Golo recognized where this was heading. "You know about Cerberus?" he asked, trying to redirect away from more sensitive topics.

Shepard crossed his arms, his eyes squinting. "I've…had a few run in's with them. Long story short, they're an organization that loves doing terrible things for lofty goals. Human-centric goals. Which is why your association with them is perplexing."

Knowing they had reached the point of the matter, Golo remained silent, lest he give up his only leverage.

"You won't talk because that information is the only reason we want you alive," Shepard surmised. The quarian was curious as to why he said it out loud, though. "Which means that, short of torture that makes death preferable, you have absolutely no incentive to tell me anything."

"You're forgetting the part where torture intense enough to break people like me would result in unreliable information," Golo pointed out, hoping the human wouldn't call the bluff.

"Indeed," the human nodded, "that's the case with some people. Whether or not you're one of them…well, it's not like we'd lose much to find out, would we?"

Damn it. "You'd lose the opportunity to learn more about Cerberus. I can guarantee you that."

"Can you, now?" To Golo's horror, the human chuckled. "You think I don't already know the extent of your knowledge? You think I'd buy that you, a quarian, knows useful information about a highly secretive, compartmentalized, human-centric organization?"

Despite the fear creeping its way throughout his body, Golo managed to stay composed. "You'd lose the chance to find out, wouldn't you?"

"Who cares?" Shepard retorted, splaying his arms wide. "You definitely haven't got anything worthwhile. Besides, I have much bigger things to worry about than some terrorist organization. And as for the torture…well, considering what you've done and helped to do today, I can't say I would have a problem doing it just for payback. You can tell us whatever information you have to spare yourself that and get a quick death, or you can go through the hell you've rightly earned. Your choice. That's the situation you're in right now."

He couldn't hide his fear now. Not after that. He tried to think of something—anything—to say to tip the scales in his favor, but nothing came to him.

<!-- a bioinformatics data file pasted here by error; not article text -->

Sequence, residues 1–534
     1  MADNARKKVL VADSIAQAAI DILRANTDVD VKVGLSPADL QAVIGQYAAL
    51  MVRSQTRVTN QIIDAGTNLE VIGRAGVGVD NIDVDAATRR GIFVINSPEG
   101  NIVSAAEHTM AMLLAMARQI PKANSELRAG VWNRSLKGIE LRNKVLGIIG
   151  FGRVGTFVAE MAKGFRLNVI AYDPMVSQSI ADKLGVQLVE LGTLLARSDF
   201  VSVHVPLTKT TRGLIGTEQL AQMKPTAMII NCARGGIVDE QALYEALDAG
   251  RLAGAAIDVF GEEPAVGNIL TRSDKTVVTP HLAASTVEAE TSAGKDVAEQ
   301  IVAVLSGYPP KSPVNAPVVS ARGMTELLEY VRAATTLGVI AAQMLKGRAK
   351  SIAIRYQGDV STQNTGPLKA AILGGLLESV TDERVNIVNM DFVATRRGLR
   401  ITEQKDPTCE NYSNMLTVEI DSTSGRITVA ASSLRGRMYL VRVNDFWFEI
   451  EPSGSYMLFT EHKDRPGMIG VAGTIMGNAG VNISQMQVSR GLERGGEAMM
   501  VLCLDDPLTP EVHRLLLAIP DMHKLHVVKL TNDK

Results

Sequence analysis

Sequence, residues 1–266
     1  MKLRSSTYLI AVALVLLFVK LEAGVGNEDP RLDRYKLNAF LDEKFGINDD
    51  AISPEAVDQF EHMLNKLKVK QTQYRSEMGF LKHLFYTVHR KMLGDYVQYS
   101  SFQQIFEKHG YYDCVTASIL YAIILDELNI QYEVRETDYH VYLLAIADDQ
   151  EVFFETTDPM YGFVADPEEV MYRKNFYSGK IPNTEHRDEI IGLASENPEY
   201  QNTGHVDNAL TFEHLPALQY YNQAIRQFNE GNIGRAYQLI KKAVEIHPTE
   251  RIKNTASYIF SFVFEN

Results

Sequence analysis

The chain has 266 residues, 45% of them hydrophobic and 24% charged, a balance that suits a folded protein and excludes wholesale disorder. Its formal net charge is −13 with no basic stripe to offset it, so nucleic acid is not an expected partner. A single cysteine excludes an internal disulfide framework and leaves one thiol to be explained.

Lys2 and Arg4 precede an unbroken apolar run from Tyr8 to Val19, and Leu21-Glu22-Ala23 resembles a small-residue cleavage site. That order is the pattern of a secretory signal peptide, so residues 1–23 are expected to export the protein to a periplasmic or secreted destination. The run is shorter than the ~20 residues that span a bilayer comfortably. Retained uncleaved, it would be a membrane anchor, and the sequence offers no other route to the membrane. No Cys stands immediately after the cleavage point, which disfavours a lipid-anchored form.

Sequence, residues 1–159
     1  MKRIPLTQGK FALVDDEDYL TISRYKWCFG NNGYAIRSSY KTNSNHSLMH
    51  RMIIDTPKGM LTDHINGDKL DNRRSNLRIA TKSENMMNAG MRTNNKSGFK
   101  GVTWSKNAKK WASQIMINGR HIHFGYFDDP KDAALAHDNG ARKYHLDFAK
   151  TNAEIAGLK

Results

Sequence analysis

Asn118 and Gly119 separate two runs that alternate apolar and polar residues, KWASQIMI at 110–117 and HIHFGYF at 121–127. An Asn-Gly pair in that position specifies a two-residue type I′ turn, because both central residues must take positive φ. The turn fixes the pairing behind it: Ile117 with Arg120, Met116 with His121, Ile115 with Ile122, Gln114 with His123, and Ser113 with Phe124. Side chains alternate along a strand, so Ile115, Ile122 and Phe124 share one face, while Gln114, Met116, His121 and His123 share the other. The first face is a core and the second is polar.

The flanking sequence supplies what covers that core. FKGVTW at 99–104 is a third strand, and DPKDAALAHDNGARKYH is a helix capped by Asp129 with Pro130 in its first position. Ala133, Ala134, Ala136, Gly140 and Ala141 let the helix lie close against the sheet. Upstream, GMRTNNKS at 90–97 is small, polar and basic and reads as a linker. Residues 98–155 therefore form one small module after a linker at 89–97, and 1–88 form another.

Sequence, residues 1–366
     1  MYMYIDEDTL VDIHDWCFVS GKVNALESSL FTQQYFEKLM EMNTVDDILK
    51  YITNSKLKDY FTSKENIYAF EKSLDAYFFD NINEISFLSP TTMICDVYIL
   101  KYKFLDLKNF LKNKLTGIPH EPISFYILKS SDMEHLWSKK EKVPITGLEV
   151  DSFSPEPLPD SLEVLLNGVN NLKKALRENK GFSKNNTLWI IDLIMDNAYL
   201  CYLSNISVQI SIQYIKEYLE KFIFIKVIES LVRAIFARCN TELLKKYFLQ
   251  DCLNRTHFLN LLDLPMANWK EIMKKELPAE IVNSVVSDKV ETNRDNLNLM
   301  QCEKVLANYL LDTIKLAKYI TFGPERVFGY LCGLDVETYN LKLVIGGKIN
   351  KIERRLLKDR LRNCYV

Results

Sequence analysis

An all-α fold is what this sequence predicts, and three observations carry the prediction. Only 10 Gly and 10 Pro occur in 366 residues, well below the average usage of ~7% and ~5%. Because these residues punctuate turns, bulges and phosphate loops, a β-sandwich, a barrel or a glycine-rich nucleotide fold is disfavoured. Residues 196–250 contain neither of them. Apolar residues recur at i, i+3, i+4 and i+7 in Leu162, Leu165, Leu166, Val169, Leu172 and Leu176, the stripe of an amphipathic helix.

"Unless…" the human continued, to both Golo's surprise and elation. "You actually do have something useful. In which case, you tell me right now, and you get a life sentence at an Alliance prison. But that offer only stands until I walk out the door."

After letting that information sink in for a few seconds, John got up and headed for the door.


John resisted the urge to smile. He turned around, eying the desperate quarian with anticipation. "What?"

"How do I know you won't kill me as soon as I tell you?"

It was a fair question, but the answer came easily. "Because I'm not like you. I care about who I am and what I become. I don't kill people just for the hell of it. I have standards. I keep my word in situations like these so I can make an offer without lying through my teeth. So I can always know what sets me apart from the people I do kill."

Golo regarded the human for a few moments, strangely calm. Shepard had said the words with such sharpness, such conviction, he decided that taking the Spectre's offer was worth the risk. The alternatives were far riskier, anyway. Not to mention more painful. "Fine. I'll tell you everything."

John hadn't expected things to go quite this smoothly. His strategy had been simple, really. Corner the quarian into a situation where his only choices were death by extensive torture or death via gunshot to the head. As an exiled traitor that decided to associate with pro-human terrorists, he was obviously concerned solely for himself. Without any causes or people in the way, an offer at life imprisonment at a publicly monitored, well-maintained priso was all Shepard needed to get the information. The only remaining obstacle had been to convince Golo that the offer was genuine. Not giving the quarian more than five seconds to think about it was overkill.

John slowly took his seat again, activating his omnitool. "Good. Start from the beginning."

Liara sighed moments after John walked into the room. She knew it was necessary, at least to a degree, but he always felt it was his responsibility to do everything if able. While certainly admirable when kept in check, it often was a self-destructive characteristic.

When torture was involved, she was afraid of what it would do to him.

"He won't do anything rash," Tali said, startling Liara out of her worry. "Torture is something he takes very seriously. He won't just jump into it impulsively."

"I know," the asari replied, the fatigue of the recent events finally beginning to show in her voice. "But he's probably the only one in this fleet that knows what he's doing for this…issue. He's not going to let someone else do it."

Tali lowered her head in defeat. "Someone needs to talk some sense into him…" A moment later, her head jerked up, realizing what she had implied. "N-n-not that you haven't tried, I'm sure…"